If you find yourself facing a tax debt to the IRS, it is important that you deal with it sooner rather than later. Just as with any other debt, the longer you wait the more it will pile up and the more difficult it will be to manage.
There are a number of options at your disposal when it comes to dealing with IRS tax debt. In general though, the first choice you’re going to have to make is whether you’re going to handle this by yourself or whether you’d like to have a professional help you out.
Regardless of which path you choose, the options that you have to deal with IRS tax debt are:
There are several different types of installment agreements that will allow you to pay off your IRS tax debt month by month instead of having to pay it off immediately and all at once (which is something that you probably can’t afford).
Depending on your situation, you’ll find that there are various installment agreements that you may qualify for.
For example, if your balance is $10,000 or less you could qualify for a Guaranteed Installment Agreement where you’ll have 36 months to completely pay off your IRS tax debt in monthly installments – and there’ll be no negative effect on your credit rating if you do so.
In all general installment agreements you’ll have to pay off your debt in its entirety – and sometimes may even have to pay slightly more than the initial debt.
Partial Payment Installment Agreements
If you can’t afford to pay off your debt even in installments, you may qualify for a partial payment installment agreement. This is an agreement where you’ll only need to pay off a portion of your debt in monthly installments over the long term. More details here!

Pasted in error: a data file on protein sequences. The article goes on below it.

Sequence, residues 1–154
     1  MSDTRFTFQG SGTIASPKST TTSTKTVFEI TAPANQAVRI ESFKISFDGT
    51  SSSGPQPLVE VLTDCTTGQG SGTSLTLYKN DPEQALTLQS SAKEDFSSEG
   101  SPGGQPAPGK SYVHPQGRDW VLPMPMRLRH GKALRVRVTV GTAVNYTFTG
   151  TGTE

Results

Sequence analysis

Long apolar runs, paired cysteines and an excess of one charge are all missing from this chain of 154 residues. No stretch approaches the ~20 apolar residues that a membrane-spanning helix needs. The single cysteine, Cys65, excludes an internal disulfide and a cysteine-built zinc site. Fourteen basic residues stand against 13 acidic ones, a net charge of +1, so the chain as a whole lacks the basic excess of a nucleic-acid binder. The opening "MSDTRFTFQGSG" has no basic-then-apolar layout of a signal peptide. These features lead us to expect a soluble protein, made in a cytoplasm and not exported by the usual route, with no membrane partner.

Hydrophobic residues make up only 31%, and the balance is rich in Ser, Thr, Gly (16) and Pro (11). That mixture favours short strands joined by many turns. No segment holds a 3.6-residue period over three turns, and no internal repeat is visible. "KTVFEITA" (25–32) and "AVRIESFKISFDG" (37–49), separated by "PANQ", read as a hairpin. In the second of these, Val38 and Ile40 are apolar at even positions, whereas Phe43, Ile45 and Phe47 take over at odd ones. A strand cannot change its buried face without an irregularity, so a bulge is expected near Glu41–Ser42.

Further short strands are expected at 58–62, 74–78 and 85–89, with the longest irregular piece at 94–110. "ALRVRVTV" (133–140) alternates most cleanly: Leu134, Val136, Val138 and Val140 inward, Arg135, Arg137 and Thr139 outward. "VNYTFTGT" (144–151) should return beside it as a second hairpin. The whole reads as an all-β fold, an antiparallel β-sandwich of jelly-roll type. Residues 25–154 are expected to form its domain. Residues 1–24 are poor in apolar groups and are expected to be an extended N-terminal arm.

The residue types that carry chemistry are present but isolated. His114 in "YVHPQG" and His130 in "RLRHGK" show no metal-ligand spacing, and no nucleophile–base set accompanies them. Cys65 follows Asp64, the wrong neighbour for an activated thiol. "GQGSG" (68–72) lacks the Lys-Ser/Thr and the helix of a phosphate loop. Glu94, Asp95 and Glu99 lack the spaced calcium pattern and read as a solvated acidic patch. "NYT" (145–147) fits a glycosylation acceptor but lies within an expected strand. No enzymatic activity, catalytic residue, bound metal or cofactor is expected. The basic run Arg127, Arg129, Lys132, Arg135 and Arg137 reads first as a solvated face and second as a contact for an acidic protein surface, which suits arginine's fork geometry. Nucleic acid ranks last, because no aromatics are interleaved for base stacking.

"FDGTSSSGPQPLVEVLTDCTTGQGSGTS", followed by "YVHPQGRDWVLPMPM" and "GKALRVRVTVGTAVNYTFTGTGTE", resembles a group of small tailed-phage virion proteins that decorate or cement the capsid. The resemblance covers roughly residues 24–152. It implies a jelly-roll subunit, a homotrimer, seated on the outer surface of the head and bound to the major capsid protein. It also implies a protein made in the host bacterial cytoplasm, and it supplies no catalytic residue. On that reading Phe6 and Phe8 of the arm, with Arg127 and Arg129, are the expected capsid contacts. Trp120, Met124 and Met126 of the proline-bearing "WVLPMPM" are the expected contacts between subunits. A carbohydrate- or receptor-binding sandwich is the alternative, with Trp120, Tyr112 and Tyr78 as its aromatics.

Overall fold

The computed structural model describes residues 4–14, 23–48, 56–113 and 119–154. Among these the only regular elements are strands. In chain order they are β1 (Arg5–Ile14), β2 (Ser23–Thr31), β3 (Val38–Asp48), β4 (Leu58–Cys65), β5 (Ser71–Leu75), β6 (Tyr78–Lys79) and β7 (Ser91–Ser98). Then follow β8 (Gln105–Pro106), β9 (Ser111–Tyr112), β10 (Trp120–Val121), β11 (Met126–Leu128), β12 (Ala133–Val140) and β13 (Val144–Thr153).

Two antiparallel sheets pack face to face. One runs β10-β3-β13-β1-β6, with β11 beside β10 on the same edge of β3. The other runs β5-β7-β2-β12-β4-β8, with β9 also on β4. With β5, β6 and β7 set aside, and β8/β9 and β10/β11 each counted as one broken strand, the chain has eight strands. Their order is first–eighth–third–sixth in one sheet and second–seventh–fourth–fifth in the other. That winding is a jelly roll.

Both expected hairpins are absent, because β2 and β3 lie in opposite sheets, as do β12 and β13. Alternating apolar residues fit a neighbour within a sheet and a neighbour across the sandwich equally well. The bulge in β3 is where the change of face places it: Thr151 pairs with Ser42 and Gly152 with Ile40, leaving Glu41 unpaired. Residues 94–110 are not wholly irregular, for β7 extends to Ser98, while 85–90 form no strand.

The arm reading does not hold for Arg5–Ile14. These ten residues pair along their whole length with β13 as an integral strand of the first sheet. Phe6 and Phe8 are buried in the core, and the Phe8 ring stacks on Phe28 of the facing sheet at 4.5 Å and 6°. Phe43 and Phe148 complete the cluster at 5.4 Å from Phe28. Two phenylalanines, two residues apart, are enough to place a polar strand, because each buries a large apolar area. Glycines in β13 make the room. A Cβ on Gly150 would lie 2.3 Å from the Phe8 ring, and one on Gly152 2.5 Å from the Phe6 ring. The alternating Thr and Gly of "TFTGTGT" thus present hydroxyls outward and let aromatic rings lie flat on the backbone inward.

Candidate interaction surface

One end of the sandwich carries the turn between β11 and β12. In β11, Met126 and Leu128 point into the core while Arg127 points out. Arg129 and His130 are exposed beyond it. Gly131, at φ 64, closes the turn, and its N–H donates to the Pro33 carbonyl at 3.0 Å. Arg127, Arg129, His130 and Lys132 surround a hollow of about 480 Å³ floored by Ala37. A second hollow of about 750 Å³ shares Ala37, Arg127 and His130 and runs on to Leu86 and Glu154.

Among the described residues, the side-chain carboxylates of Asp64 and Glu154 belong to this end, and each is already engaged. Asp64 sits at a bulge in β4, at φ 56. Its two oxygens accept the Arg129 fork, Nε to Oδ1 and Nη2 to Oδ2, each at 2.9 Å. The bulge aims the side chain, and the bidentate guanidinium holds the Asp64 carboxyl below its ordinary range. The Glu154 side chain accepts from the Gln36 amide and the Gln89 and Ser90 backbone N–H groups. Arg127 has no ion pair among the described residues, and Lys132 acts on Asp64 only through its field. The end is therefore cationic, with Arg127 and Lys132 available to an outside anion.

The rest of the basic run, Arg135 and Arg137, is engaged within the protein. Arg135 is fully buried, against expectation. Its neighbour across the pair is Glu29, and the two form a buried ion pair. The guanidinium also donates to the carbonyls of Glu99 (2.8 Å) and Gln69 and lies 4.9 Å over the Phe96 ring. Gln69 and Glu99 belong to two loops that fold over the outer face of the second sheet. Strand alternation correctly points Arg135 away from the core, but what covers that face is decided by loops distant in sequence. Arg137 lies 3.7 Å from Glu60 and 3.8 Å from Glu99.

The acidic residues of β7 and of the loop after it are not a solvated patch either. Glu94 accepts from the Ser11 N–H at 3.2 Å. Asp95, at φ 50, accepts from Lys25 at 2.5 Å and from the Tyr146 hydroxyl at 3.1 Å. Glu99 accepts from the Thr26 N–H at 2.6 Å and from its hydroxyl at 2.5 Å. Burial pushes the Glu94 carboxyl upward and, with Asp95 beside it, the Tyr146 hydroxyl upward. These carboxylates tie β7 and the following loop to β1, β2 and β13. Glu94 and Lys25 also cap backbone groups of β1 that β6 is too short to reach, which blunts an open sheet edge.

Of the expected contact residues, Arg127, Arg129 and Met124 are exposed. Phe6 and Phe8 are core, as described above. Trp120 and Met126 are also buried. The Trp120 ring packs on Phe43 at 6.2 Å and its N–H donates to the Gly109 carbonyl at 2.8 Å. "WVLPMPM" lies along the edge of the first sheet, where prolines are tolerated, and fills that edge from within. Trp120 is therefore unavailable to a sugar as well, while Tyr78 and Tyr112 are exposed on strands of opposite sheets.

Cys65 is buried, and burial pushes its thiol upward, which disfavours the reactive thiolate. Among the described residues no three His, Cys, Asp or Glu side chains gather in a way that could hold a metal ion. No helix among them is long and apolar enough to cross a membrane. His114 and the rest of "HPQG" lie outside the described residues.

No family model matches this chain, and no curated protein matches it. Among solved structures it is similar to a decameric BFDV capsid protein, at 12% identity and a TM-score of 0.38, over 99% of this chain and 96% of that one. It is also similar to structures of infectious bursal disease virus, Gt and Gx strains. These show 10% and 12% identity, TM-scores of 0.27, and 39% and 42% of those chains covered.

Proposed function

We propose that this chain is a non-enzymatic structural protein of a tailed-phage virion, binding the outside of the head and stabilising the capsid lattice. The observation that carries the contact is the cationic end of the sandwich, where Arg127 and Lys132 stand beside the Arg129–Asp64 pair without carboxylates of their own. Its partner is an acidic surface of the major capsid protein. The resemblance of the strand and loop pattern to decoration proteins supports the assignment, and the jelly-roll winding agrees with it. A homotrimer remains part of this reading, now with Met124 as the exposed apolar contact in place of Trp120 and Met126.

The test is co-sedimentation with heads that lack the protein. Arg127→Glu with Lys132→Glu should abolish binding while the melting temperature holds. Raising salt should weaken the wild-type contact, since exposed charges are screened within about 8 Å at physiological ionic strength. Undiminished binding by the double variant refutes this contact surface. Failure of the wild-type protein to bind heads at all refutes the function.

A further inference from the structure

To qualify for this type of installment agreement, the IRS will audit your finances and determine just how much you can afford to pay. Subsequently every two years your finances will be audited again to determine whether or not you can pay more.
Offer in Compromise
Another way that you can get away with only paying off part of your IRS tax debt is through an offer in compromise, though for this option you’ll need to be able to pay it off immediately in one lump sum, or over an extremely short duration in installments.
Not Currently Collectible
In some special circumstances, your IRS tax debt may be allowed to slide for a year or so – but this requires that the IRS agree to not collect for that duration.
Of course, the final and most dire option to deal with your IRS tax debt is to file for bankruptcy, and this is normally only a last resort when you can’t afford to pay off your debt even through partial payment installment agreements.
See how many different options there are when it comes to settling your IRS tax debt? Now all that you have to do is figure out which one applies to your situation and is best suited for your finances!